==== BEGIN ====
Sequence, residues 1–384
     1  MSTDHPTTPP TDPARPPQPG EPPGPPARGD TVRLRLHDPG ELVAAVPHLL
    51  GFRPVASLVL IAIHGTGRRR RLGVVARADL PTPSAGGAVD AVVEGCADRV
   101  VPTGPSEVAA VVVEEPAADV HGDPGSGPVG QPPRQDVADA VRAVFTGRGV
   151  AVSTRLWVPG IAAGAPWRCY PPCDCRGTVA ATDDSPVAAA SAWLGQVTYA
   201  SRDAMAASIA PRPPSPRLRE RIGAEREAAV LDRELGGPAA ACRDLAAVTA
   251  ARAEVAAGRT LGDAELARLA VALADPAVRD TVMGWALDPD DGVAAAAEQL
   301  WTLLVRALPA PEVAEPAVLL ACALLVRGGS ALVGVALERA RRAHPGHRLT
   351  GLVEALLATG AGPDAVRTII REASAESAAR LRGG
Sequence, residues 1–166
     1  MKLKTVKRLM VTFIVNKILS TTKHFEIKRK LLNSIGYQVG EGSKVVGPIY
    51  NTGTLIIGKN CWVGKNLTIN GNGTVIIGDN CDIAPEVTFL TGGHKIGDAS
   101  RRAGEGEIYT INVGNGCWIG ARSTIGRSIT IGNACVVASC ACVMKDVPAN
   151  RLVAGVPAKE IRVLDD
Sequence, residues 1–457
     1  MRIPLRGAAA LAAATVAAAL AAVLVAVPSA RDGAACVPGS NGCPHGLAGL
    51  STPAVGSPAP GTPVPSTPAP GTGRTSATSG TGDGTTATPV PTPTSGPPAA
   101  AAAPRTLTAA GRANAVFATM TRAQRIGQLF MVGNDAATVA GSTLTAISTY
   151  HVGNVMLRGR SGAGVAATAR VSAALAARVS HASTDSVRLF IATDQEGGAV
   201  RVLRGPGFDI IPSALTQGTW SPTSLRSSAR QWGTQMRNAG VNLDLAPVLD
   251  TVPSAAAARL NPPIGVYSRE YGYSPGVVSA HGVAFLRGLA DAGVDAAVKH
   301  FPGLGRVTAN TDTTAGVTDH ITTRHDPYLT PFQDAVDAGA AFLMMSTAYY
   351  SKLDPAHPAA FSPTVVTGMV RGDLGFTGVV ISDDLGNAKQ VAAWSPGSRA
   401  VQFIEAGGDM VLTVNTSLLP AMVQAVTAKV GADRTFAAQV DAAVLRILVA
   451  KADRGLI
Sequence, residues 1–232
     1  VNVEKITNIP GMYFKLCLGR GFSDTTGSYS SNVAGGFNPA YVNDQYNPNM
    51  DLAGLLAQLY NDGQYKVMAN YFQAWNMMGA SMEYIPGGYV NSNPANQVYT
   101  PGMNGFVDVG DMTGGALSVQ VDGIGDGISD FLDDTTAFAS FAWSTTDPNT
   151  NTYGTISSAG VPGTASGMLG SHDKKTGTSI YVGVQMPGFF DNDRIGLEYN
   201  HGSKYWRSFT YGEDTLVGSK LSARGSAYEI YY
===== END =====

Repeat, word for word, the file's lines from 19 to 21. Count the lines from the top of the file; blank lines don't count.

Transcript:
   151  HVGNVMLRGR SGAGVAATAR VSAALAARVS HASTDSVRLF IATDQEGGAV
   201  RVLRGPGFDI IPSALTQGTW SPTSLRSSAR QWGTQMRNAG VNLDLAPVLD
   251  TVPSAAAARL NPPIGVYSRE YGYSPGVVSA HGVAFLRGLA DAGVDAAVKH